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Garrison Joe, SASS #60708

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Everything posted by Garrison Joe, SASS #60708

  1. In this case, the shooter would not have heard "Restart" either. For hearing impaired shooters, I will CEASE FIRE them by putting hand on gun or shooter and calling CEASE FIRE (and adding "Let's Restart You" when I get their attention and the adrenaline levels have calmed down). Shooter only owns the stage when the first round goes down range. That had not yet happened. Besides, I know of NO shooter who would want to take 10 misses in his rifle intentionally. This is part of guiding a shooter through the stage, IMHO. Good luck, GJ
  2. And I believe (as I stated) that when you override the rules for shotgun and you write the shotgun targets part to be shot AS IF THEY WERE SHOT WITH A RIFLE, taking away makeups, reloads for a failure to fire, and requiring a specific target order, then the rules that are written for rifle and revolver have to be adopted for the making up of a round not fired, because otherwise there would be no rule covering the situation. As always, when you start overriding some rules for a particular section of the stage, then you had better BE SURE you still cover ALL the cases of "what happens when some shooting failure" occurs. In this case, if you don't rely on the "exception choices" for other gun types, you end up having no rules really covering the exception cases. A Failure of a Round to Fire in this case. No where else in SASS rules do we penalize a shooter if a round does not fire, and they properly attempt to correct that by firing another round at the correct target needing to be hit. Good luck, GJ
  3. Same 4 options would apply as for ejecting a round from a lever gun, or having a failure to fire on a pistol round. http://www.oowss.com/SASS Rules Docs/Reload choices (edit Sept12).pdf The only choice that makes the shooter clean is (after having a failure to fire on #4 target) - to shoot #4 and #5 targets with his #4 and #5 shots fired, then load one and fire the 6th round on #6 target. Which is option #1 on the referenced "Recovery Technique" By writing the stage as they did, they overrode the ":Comstock" makeup convention, and essentially made the rifle or pistol failed to fire or ejected round rules apply. Good luck, GJ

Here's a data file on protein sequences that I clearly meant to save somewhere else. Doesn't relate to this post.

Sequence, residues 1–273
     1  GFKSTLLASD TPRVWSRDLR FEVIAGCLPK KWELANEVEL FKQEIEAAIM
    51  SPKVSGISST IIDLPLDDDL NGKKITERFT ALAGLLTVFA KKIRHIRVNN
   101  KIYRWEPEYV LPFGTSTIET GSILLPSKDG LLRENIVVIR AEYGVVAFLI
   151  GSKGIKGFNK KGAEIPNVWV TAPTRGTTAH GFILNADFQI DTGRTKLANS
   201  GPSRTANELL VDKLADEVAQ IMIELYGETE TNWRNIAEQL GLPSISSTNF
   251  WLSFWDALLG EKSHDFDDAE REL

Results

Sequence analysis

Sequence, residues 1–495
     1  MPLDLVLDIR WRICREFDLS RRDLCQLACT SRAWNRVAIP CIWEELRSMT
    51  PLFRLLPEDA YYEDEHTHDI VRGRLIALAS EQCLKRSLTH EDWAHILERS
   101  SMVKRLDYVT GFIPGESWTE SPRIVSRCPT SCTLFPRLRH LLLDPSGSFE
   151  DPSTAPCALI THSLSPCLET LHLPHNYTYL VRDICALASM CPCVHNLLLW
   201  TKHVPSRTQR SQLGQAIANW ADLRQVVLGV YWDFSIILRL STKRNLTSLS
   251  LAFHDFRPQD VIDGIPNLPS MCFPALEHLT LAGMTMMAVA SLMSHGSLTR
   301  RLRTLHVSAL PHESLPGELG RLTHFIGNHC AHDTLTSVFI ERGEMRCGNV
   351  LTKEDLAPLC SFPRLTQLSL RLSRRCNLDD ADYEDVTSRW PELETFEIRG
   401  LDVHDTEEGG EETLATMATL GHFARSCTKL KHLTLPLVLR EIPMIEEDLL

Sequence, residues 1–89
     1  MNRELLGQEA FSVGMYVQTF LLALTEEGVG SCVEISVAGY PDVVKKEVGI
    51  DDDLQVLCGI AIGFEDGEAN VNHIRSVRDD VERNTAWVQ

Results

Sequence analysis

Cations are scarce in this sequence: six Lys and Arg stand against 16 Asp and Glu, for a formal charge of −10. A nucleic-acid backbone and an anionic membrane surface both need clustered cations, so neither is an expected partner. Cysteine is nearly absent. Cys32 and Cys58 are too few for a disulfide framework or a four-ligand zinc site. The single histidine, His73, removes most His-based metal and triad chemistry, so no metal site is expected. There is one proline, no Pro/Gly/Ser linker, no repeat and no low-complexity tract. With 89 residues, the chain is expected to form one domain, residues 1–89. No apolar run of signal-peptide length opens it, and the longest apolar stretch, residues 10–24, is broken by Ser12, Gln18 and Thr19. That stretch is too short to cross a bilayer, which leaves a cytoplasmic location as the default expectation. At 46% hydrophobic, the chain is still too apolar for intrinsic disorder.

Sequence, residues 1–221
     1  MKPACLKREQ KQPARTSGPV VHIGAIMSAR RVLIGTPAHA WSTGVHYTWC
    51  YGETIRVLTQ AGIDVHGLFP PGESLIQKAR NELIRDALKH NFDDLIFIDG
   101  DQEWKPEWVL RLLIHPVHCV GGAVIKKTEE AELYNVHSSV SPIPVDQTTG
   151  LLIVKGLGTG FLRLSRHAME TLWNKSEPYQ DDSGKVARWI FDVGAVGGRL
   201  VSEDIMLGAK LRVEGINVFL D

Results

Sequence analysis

4. Especially since it was before first shot had gone down range: 1. The TO should have already known you didn't hear well. Even if it takes YOU telling him that. (It IS your responsibility to let the TO know if you can't hear someone yelling CEASE FIRE - because failing to obey a CEASE FIRE is a MDQ on you.) 2. The TO was certain you did not fire a round down range. So, as well as yelling "Stop," 3. A firm TO hand should have gone over your rifle or at least onto your shoulder to make sure you did not try continue. Thus you would get a restart since first round did not fire. All TOs should be aware of which of their shooters cannot hear, and let them know what "hand signals" may be coming if the shooter needs to be "safely guided through the conduct of the stage." Including CEASE FIRE and MUZZLE and probably also at least LOAD ONE (or two or three). The final light bulb that should go on for a TO is if he has issued a STOP or CEASE FIRE command, and the shooter is not complying immediately, he MUST get that shooter's attention by laying on a hand(s) or blocking shooter's movement. Good luck, GJ
  5. Every Scout meeting I've been in for last 25 years started with the Pledge of Allegiance and the Boy Scout Oath. In a good sized city. (And, they picked up EOT brass too.) I'm not sure any of our local clubs know the NM State pledge. But our Boy Scouts recited it during every flag retirement ceremony we did. Good luck, GJ
  6. Thanks, working from a tired memory. GJ
  7. Can also be caused in a 550 by the 2 tiny allen-socket screws that fasten that shell ramp to the frame coming loose and the ramp lip raising up. Keep those hard to find and hard to access screws tight (think loctite!). Good luck, GJ